China Insists 20 Updated Coronavirus Restrictions Are Not ‘Loosening’ of Lockdowns

BEIJING, CHINA - JANUARY 26: A health worker checks the temperature of women entering the subway on January 26, 2020 in Beijing, China. The number of cases of coronavirus rose to 1,975 in mainland China on Sunday. Authorities tightened restrictions on travel and tourism this weekend after putting Wuhan, the …
Betsy Joles/Getty Images

Chinese health officials insisted over the weekend that 20 new rules released by the National Health Commission (NHC) were intended to “optimize” the strict regime of coronavirus lockdowns, not “loosen” the authoritarian government’s “zero-Covid” approach.

The new rules introduced last week included a shorter quarantine period for overseas visitors and reduced emphasis on “secondary contract tracing,” the onerous practice of hunting down everyone who came in contact with someone who had close contact with an infected person.

China’s state-run Global Times on Saturday swatted down speculation on Chinese social media that the new rules represented a tacit acknowledgment by the Communist government that “zero-Covid” policies are destroying the economy and terrorizing the public.

The Chinese Communist Party will never admit any error with the harsh pandemic policies favored by dictator Xi Jinping, the theory goes, but at least it might quietly loosen the yoke and lighten the burden a little, especially since variants of the Chinese coronavirus are spreading faster than ever in China after years of lockdowns.

The Global Times dismissed these theories as nonsense, sneering that the Chinese government would never dream of “loosening prevention and control against the virus” or “lying flat” – a phrase that suggests laziness or slacking off.

NHC officials quoted by the Global Times insisted the new policies were intended merely to “resolve obstacles and bottlenecks confronted in local epidemic work such as the tight quarantine resources and shortage of rooms for quarantine.”

One official from the Chinese Center for Disease Control estimated that shortening the quarantine period for overseas visitors would reduce the burden on quarantine facilities by up to 30 percent and further argued the shorter incubation period for the newer Chinese coronavirus variants made long quarantines unnecessary.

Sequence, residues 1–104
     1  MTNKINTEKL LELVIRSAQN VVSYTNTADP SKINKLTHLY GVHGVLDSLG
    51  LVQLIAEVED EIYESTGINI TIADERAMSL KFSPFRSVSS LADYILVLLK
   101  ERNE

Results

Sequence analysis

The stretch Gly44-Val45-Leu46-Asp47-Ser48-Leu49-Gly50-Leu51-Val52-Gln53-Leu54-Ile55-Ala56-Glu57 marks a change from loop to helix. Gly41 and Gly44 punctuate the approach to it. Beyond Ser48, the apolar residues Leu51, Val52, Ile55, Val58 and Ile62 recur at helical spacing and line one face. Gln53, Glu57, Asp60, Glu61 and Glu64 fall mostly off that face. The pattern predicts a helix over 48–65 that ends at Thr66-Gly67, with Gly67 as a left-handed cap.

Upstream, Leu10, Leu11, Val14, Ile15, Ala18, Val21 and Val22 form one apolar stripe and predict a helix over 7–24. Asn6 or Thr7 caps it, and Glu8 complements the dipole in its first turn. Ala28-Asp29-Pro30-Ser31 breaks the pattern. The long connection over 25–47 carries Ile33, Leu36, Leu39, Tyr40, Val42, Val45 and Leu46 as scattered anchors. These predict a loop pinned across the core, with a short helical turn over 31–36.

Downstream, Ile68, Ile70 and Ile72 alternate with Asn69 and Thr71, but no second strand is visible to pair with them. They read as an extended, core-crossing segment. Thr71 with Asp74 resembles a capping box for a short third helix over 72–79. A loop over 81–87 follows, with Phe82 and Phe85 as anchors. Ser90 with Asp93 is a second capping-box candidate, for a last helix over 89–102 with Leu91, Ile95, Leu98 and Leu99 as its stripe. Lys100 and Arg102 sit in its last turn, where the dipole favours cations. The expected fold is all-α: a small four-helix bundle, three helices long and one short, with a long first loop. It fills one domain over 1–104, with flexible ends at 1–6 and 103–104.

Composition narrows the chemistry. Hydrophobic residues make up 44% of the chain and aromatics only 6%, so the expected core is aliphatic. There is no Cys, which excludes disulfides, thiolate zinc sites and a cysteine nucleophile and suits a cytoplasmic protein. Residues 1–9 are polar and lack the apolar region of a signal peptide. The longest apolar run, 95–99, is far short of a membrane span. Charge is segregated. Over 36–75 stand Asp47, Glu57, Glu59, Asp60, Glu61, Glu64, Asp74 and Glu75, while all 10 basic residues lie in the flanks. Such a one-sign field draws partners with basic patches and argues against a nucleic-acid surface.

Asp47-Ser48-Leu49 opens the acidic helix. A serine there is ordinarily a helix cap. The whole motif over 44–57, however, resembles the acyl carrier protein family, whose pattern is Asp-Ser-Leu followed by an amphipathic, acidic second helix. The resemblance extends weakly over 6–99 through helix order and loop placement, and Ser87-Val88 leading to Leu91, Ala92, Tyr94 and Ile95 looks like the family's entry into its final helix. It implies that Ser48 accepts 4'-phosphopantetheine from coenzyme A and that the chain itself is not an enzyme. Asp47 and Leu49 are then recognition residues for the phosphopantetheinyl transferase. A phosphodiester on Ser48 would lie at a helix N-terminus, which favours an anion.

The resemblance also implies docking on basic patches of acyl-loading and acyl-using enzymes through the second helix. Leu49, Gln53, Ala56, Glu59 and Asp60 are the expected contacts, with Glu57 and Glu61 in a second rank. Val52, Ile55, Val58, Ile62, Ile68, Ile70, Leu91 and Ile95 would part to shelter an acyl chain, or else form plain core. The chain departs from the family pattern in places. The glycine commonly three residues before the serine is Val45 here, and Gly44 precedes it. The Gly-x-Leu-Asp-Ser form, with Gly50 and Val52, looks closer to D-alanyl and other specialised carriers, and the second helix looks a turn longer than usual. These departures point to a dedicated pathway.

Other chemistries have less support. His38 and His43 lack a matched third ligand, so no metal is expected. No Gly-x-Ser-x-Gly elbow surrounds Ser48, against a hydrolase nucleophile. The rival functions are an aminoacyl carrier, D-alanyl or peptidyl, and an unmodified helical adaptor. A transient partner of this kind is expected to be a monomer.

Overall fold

Along similar lines, Chinese officials said coronavirus infections among “secondary close contacts” have proven extremely rare, so tracing those contacts wasted “a lot of resources.”

The NHC did offer one guarded admission of past mistakes: a carefully worded acknowledgment of “heartbreaking incidents at various places where people with basic medical service needs could not access treatment in a timely way.”

This was an oblique reference to the people who have been killed as a result of “zero-Covid” lockdowns, often because they could not obtain access to medical treatment. Chinese officials told hospital administrators they “must not refuse to take in patients as a way to reduce the risk of epidemic control and prevention to zero.”

The recent lockdown-related deaths that sparked public outrage did not involve hospitals turning away infected people to keep their emergency rooms coronavirus-free, however. One was an older woman found dead inside her locked-down apartment, possibly after the lockdown drove her to suicide, while the other was a three-year-old boy who died of gas poisoning after his father was unable to rescue him from their sealed residential compound.

The Global Times insisted in a Sunday editorial that “zero-Covid” remains an essentially perfect policy, needing only “further optimization and adjustment” because the coronavirus is “continuing to mutate.”

“Since the latent Omicron variants are spreading faster, the epidemic prevention at venues including schools, nursing homes, psychiatric hospitals and enterprises will be strengthened,” the Chinese Communist paper said.

That might be disheartening news for Chinese citizens who hoped to put “zero-Covid” restrictions behind them, although it might also be reassuring for them to see their government striving to avoid harsh citywide lockdowns in favor of more targeted techniques. 

The Global Times stressed that interpretation, promising that abusive officials would be detected and disciplined:

To ensure the implementation of the optimized measures and curbing local government ramping up [Chinese coronavirus] response measures, excessive policy steps such as random suspension of classes, operation and production, and adoption of static management for a long time, will be prohibited.

Such behaviors will be made public and offenders will be held accountable in accordance with the law and regulations if serious consequences are caused.

A task force dedicated to resolving issues related to local governments ratcheting up virus-containment measures or applying rigid steps have been set up across the country, according to NHC. 

The lighter touch was particularly evident in Beijing, which has mostly avoided embarrassing large-scale lockdowns because it is the national capital.

The Global Times quoted Beijing officials urging “more precise measures to be taken on quarantine, transport, nucleic acid testing, flow of personnel, medical services, vaccination, in service enterprises and on campuses” under the 20 new pandemic rules.

A similar lighter touch was advertised by the Global Times for Guangzhou, the “epicenter” of the current outbreak – but on Saturday, the entire population of that city was ordered to confine themselves to their homes and await coronavirus testing. 

Guangzhou is now under the kind of tight lockdown that terrifies the Chinese public and puts them in mind of Shanghai’s two-month ordeal, including a rule that only one person from each household is allowed outside of their homes to buy food.


Please let us know if you're having issues with commenting.